While computer games for educational purposes have been actively discussed in academic contexts for years, the ‘renaissance’ of board and card games has provided new opportunities of Eco Play using different media modalities and design affordances. These games both explicitly and implicitly address issues that are relevant to environmental literacy and promoting awareness of global sustainability. Below, a few prominent examples from different decades are listed as inspiration.
Ecosystem is a card-drafting game in which players choose cards and place them into their play area turn by turn. The cards in a player’s grid make up their own personal ecosystem, and at game’s end, a player will have twenty cards in their ecosystem, with the game including eleven types of cards. Bears score by being placed next to bees and trout; trout score by being placed next to streams and dragonflies; and streams are compared at the end of the game, with the player who has the largest stream earning points.
PARKS is a celebration of the US National Parks featuring illustrious art from Fifty-Nine Parks. In PARKS, players will take on the role of two hikers as they trek through different trails across four seasons of the year. While on the trail, these hikers will take actions and collect memories of the places your hikers visit. These memories are represented by various resource tokens like mountains and forests. Collecting these memories in sets will allow players to trade them in to visit a National Park at the end of each hike.
Wingspan is a competitive, medium-weight, card-driven, engine-building board game from Stonemaier Games. It’s designed by Elizabeth Hargrave and features over 170 birds illustrated by Natalia Rojas and Ana Maria Martinez. Players represent bird enthusiasts—researchers, bird watchers, ornithologists, and collectors—seeking to discover and attract the best birds to their network of wildlife preserves. Each bird extends a chain of powerful combinations in one of your habitats (actions). These habitats focus on several key aspects of growth: Gain food tokens via custom dice in a birdfeeder dice tower; lay eggs using egg miniatures in a variety of colors; draw from hundreds of unique bird cards and play them.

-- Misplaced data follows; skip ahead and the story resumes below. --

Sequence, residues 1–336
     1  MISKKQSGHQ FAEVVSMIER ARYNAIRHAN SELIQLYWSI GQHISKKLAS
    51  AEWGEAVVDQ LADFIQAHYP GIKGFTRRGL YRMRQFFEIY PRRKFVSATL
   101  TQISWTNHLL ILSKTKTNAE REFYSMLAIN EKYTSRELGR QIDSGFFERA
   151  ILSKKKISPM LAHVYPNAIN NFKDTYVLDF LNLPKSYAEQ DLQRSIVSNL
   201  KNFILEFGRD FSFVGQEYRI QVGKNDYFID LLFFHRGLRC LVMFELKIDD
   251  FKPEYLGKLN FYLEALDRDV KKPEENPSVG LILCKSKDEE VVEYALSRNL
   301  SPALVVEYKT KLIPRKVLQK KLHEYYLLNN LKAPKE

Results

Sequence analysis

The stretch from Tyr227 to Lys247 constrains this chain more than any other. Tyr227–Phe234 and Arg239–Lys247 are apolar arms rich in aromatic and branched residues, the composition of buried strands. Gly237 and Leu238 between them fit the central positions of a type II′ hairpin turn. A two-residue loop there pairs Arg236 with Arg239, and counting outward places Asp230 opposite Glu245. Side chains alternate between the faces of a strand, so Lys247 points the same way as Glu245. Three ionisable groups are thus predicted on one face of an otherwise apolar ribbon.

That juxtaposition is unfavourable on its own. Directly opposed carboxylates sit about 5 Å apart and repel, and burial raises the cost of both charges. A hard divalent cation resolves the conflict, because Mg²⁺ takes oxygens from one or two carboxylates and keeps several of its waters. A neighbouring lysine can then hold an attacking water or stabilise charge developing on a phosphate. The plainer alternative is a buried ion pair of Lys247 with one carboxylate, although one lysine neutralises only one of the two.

Frederic Vester designed Ökolopoly in 1980 and it was first published as a supplement in the journal Nature. At the Munich International Horticultural Exposition in 1983 it was first offered as a board game designed by Vester for the information pavilion of the Bavarian Ministry of the Environment. In 1984, Ravensburger launched Ökolopoly for the general market. While the original version had used marker stones on the tables, the final version used adjustable dials. Since 1993, players can choose between two scenarios: “Kybernetien”, an industrial nation, and “Kyborien”, a developing country. One or more players adjust 9 wheels each turn, which represent different conditions and mutually influence each other as well.
The objective of Wir sammeln Kräuter, Pilze, Beeren is to be the first to reach the target space (30); while taking turns to move across the board, players learn more about mushrooms, herbs and berries.
The instructions for the simple ‘roll & move’ game were glued into the lid; the games was produced by VEB Druck und Verpackung Dresden in the former German Democratic Republic (GDR).
Hunting in the Wilds (1930)
A roll-and-move board game involving Wildlife Hunting. The game features a very attractive board with three revolving sections, and beautiful period colors on the box illustration. Game components include cards representing animals and tokens representing the hunters.
The Game of Time (1913)
An early 20th century game with simple roll and move mechanic, that is based on the concept of seasons. Not much information is available on this game and it is quite rare. Board visuals include a circular track stylistically mimicking a seasonal calendar with the words “an instructive game for any number of players” hinting that the game aims to be educational, representing natural principles like the season cycle in abstract form.